Organic Rice is a Family Affair at Lundberg Family Farms

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The story of Lundberg Family Farms begins 80 years ago, when Albert and Frances Lundberg first settled in Richvale, California with the goal of making a commitment to care for the soil. Eight generations later, the Lundberg family is still doing just that, with sustainable organic rice production that supports the Lundberg family motto: “Leave the land better than you found it.”

“We’re proud to continue the family legacy of sustainable farming,” says Grant Lundberg, CEO of Lundberg Family Farms and son of Eldon Lundberg, one of Albert and Frances’ four sons. “We’re humbled to be stewards of what my grandparents established eight decades ago and hope future generations will continue to be inspired as much as we have been.”

lundberg brothers
Image care of Lundberg Family Farms

A Family Farm at Heart

From a modest rice farm in the ’30s to a rice mill in the ’60s, Lundberg Family Farms has grown to a 16,000 acre operation producing 18 different varieties of rice, about 70 percent of which are certified organic (including organic short-grain brown rice, the company’s flagship product that remains its most popular, even today).

Though the company has seen great expansion, the Lundberg family still maintains a family farm in California, which produces about 40 percent of the rice the company sells; the rest is produced by about 40 other family farmers that the second generation of Lundbergs began bringing on board in the ’70s.

“We realized that the business had so much more potential, and that there was growth in organics,” explains Jessica Lundberg, Vice President of People, Planet and Process as well as a member of the Board of Directors of Lundberg Family Farms. “We had to make a decision: do we want to go out and buy more land, or should we really be investing in the business side of the brand and bringing more growers in to help us?”

They opted for the latter – mainly because, as Lundberg explains, bringing more growers in was the easiest way to convert even more land to organic production.

“We found a handful of growers who shared the philosophy of organic and shared the philosophy of crop rotation, of taking care of the soil, of even just healthy food production,” she says. By bringing these farmers on board, the company was able to focus on the sustainability of other elements of the business.

“Leaving the land better than you found it was pretty clear as farmers,” says Lundberg. “It really was a challenge for us to think, OK, how do you take these values and apply them across a food company?”

The Lundbergs have since found their inspiration: everything from energy use to packaging to production at the facility is designed with sustainability in mind.

“We’re trying to maintain the philosophy and grow it as we get bigger as a company, as we bring more people in who are new to organic and who are new to the business,” she says.

Lundberg works on a contract basis with its growers. Depending on the soil type of their farms, some farmers may produce only rice and cover crops, while others produce a greater variety, with rice being only one piece of their rotation. It’s important to the Lundbergs that there be a great deal of transparency between the company and the growers, to build trust and ensure that everyone feels supported.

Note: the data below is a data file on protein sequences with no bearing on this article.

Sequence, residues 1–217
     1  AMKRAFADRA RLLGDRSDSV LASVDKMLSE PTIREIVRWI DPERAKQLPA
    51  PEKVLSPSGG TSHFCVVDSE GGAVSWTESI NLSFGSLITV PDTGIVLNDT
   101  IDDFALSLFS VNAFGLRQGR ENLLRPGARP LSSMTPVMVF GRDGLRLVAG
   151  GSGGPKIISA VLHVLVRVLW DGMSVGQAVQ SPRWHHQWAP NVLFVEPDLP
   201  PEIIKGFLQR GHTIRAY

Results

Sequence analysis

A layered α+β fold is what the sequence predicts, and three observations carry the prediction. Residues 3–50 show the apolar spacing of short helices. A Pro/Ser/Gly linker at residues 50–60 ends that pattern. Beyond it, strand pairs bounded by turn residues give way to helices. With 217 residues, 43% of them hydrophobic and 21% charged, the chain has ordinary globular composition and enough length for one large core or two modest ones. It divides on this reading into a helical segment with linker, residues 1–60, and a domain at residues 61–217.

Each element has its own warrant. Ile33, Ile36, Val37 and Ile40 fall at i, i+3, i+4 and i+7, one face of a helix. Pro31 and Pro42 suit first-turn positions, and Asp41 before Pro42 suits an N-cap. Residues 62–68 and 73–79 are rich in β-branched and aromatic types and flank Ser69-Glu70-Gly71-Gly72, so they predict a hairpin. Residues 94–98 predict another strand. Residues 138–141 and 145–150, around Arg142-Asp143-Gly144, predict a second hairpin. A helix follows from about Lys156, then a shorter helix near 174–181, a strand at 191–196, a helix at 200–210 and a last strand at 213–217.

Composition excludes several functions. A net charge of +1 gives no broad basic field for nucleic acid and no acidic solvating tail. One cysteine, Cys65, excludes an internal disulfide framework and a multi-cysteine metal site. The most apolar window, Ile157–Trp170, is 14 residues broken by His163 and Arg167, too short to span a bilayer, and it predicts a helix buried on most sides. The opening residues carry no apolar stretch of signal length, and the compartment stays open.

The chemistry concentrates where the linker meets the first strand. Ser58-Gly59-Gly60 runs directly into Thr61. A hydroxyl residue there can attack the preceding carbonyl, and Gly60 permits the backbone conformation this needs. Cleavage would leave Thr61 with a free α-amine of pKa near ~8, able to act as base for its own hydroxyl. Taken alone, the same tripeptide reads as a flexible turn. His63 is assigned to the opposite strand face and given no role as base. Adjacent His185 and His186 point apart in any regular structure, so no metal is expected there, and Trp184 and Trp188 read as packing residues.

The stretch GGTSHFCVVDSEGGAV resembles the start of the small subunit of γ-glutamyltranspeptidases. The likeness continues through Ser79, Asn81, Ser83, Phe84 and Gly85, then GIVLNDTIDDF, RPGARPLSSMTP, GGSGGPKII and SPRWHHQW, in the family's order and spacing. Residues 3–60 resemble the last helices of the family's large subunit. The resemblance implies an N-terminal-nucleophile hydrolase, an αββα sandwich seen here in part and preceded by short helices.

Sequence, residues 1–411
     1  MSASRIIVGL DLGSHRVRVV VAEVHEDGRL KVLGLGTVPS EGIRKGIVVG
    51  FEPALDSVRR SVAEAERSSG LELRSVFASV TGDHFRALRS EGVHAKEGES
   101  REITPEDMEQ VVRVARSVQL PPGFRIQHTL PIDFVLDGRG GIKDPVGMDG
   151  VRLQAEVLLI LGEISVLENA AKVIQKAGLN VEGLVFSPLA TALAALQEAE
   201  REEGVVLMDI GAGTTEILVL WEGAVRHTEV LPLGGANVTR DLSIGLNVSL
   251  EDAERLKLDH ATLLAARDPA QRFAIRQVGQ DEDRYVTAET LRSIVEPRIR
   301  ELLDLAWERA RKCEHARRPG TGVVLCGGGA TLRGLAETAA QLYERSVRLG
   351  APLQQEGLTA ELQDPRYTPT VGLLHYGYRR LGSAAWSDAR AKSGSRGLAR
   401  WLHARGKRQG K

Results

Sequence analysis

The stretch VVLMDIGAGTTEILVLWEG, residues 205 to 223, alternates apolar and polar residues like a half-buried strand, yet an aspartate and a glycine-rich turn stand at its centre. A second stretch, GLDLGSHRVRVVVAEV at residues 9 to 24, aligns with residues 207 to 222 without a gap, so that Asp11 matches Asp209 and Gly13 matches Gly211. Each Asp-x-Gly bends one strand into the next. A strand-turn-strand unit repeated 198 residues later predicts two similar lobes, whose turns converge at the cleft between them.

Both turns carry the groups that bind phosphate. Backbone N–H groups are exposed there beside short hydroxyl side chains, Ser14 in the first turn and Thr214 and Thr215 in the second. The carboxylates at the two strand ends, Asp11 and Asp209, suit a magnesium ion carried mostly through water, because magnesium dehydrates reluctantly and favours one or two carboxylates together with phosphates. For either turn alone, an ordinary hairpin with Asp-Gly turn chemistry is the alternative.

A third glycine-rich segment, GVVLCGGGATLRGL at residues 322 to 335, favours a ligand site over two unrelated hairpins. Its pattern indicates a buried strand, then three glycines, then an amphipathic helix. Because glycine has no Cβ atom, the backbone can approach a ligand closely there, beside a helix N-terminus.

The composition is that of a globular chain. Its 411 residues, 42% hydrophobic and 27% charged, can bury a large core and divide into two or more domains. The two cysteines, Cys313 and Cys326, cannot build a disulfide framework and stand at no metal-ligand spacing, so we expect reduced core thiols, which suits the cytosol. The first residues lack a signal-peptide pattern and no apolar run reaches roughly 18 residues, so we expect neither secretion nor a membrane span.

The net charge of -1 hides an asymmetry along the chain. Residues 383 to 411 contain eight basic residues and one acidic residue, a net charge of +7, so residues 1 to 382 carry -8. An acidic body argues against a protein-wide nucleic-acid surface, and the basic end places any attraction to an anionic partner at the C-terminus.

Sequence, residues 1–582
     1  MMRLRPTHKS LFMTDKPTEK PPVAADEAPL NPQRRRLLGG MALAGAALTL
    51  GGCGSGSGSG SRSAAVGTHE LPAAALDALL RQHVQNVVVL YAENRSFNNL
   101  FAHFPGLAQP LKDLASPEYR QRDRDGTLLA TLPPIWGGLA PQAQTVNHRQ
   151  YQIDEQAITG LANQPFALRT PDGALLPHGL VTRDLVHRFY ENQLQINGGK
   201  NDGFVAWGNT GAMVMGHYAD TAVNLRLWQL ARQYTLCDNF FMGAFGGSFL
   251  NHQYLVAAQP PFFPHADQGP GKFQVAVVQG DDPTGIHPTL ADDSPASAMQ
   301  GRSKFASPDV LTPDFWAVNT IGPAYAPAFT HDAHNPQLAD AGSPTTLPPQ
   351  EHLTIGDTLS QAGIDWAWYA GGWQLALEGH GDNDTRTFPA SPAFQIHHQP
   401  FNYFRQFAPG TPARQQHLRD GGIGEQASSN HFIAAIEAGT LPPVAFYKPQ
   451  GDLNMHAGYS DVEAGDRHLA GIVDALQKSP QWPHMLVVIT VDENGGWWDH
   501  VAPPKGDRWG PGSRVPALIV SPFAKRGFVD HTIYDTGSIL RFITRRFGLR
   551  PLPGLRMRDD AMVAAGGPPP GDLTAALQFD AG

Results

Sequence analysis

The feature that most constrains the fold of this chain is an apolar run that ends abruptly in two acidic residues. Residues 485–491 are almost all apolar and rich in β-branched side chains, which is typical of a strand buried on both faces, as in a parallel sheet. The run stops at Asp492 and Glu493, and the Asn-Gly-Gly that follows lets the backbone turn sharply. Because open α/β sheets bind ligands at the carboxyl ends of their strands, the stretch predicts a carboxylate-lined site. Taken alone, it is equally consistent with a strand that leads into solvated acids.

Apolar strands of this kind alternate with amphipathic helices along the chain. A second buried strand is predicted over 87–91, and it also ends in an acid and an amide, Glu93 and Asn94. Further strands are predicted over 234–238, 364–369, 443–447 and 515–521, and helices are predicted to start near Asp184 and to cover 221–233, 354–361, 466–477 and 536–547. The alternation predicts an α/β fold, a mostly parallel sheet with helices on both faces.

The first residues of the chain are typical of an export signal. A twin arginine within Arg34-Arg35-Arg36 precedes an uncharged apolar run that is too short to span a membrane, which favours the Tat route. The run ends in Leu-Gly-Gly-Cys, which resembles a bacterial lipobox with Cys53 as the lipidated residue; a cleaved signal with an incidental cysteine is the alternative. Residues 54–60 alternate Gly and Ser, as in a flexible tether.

“It’s understood that we’re all in this together,” explains Lundberg. “There are harder varieties to grow, meaning that there’s more risk with them, because maybe they have different levels of competition with weeds, but that we all have to take a little bit of a share of that.”

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At the Forefront of Development in Sustainable Food

The Lundbergs haven’t stopped at rice. The company has recently become the national leader in the production of domestically-grown organic quinoa, and it has also begun producing whole-grain prepared foods, from gluten-free pasta to rice cakes and chips to frozen arancini appetizers.

In addition, Lundberg is moving onto the world of biodynamic farming, with biodynamic short-grain and sushi rice.

“Within our markets, biodynamic is still something that people are learning about,” says Lundberg. “So to be able to really promote it and have people understand what biodynamic is and to grow that market is a little bit challenging. It’s kind of like what organic was 40 years ago.”

Even as Lundberg Family Farms continues to expand and grow, though, it remains a family company at heart.

“We do maintain a family council, so that’s just family members that organize activities and keep the family coming into the business very proactively,” explains Lundberg, who notes that day-to-day, there are about eight family members working together, six from the third generation of the family and two from the fourth.

“It’s really fun to work with family,” says Lundberg. “There’s always challenges, just because family members know you really well, but it’s also very supportive in that we all have a vision with where we want to go with the business and we’re all committed to the legacy of the company we’re working for.”

Continuing to have family at the heart of the business makes it easy to encourage the newest generation of the family to think about a career with the family business in mind.

And, says Lundberg, “That could be the way that they could continue a legacy set up by their great grandparents and continue a really noble profession of food production.”

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Emily Monaco
Emily Monaco

Emily Monaco is an American food and culture writer based in Paris. She loves uncovering the stories behind ingredients and exposing the face of our food system, so that consumers can make educated choices. Her work has been published in the Wall Street Journal, Vice Munchies, and Serious Eats.